The same is true in Syria where we have meddled in situations we did not understand. We have supported different oppositional groups, not having learned our lesson in Libya that overthrowing a bloodthirsty dictator rarely improves the lives of the people. We have contributed to an unbelievably destructive Civil War and to the hundreds of thousands of refugees all over Europe. We had taken in about 10,000 of those by the time Pres. Trump closed our borders to all of them. He does not understand about complicity or taking responsibility.
Our government has always believed that one of its major foreign policy objectives should be to ease the entry of American corporations into foreign countries. For instance through the North American Free Trade Agreement (NAFTA) we have opened Mexico to importation of American corn, subsidized by the US government, and produced on huge farms more cheaply than Mexican farmers could produce their corn. We put small Mexican farmers out of business and they moved to the city where life was really harsh. They came to the US, undocumented, to earn some money for their families.
Our government accuses them of breaking our immigration laws and sends them back. They don’t ask why these immigrants are trying to find their way through the hot desert, leaving their families behind. Why would anybody do that?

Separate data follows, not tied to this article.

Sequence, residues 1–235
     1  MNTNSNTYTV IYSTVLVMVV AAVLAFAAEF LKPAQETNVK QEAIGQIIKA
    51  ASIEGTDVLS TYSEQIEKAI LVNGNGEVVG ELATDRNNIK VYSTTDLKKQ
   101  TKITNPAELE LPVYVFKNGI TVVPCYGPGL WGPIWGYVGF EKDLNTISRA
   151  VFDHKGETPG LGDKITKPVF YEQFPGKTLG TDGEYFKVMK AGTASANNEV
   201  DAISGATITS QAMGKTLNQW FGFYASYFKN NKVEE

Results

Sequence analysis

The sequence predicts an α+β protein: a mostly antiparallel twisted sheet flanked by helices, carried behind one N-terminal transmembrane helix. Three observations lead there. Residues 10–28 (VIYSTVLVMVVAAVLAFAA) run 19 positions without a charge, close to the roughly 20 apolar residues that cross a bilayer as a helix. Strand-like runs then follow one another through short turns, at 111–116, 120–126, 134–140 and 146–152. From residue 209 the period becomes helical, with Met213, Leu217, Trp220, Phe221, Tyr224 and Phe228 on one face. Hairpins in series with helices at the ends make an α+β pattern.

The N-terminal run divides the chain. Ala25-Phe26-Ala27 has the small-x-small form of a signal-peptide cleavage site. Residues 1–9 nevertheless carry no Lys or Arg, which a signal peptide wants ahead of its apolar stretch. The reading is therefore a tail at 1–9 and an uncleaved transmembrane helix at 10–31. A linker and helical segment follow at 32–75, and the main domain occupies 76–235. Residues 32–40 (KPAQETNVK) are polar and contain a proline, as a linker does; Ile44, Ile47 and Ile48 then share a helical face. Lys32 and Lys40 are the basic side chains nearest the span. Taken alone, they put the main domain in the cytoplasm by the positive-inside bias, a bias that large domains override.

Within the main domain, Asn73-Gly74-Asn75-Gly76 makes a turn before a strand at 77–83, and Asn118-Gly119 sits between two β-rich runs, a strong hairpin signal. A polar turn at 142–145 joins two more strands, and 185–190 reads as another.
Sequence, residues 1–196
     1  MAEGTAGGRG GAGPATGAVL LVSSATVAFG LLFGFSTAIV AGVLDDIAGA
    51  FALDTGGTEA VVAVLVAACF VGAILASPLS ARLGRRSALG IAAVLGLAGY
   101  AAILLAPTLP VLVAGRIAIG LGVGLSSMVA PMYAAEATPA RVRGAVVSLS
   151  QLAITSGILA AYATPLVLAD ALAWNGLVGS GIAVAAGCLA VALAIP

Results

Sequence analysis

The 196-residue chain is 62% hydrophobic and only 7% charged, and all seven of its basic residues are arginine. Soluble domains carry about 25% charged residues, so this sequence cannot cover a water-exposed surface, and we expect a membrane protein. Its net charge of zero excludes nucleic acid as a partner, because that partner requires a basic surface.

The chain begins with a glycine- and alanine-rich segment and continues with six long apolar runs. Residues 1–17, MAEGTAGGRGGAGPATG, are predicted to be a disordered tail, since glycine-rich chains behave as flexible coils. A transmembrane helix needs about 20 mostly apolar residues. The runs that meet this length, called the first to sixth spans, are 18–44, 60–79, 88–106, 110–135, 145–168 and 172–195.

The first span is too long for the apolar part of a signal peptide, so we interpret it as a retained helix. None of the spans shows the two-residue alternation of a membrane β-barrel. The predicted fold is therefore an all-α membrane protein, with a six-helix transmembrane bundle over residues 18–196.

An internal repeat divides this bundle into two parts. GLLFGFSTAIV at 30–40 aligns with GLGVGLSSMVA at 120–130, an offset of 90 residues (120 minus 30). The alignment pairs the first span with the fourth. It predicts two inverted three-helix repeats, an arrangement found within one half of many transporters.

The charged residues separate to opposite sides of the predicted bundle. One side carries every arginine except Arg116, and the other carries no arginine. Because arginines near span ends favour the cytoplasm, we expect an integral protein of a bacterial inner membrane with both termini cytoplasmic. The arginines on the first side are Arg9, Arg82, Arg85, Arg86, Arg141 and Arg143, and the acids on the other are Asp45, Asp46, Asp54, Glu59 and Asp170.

Washington has always supported big business, right-wing interests and authoritarian governments in Latin America. For the common people there was no hope and so they joined the long, hard and dangerous road to North America only to find as did many previous generations of immigrants that our streets are not paved with gold. (They only have a lot of potholes.)
Many children in communities of color exist under very difficult conditions. We tend to blame the black family structure or other mythologies. We – white people – do not look at ourselves in the mirror and see the people who keep perpetuating racial injustice and oppression and who are therefore complicit in the hard lives of many children. In similar ways we—white people-- are responsible for the problems of children in Native American families.
We cannot remove the causes of misery around the world and in our own cities and rural areas without taking responsibility for the damage we do to people in many different places and working hard to end our destructive policies. Giving aid, being generous in giving fish to hungry people is not good enough. We need to be aware of the damage we have done for centuries, are still doing and stop doing it.

Sunday, March 5, 2017

 A Moment of Truth for America



Racially motivated attacks have increased significantly since Donald Trump became a serious contender for the presidency and was then elected and installed as our 45th president. He has widely been blamed for this increase in racial attacks. There is no question that he bears some responsibility for encouraging white supremacist racism, blatant anti-Semitism, attacks on Muslims and recently on immigrants from India. By appointing arch racists like Jeff Sessions and Steve Bannon to important policy making positions in his government, Trump has let it be known that he is not troubled by white racism. Similarly other forms of divisiveness have recently become normal and acceptable.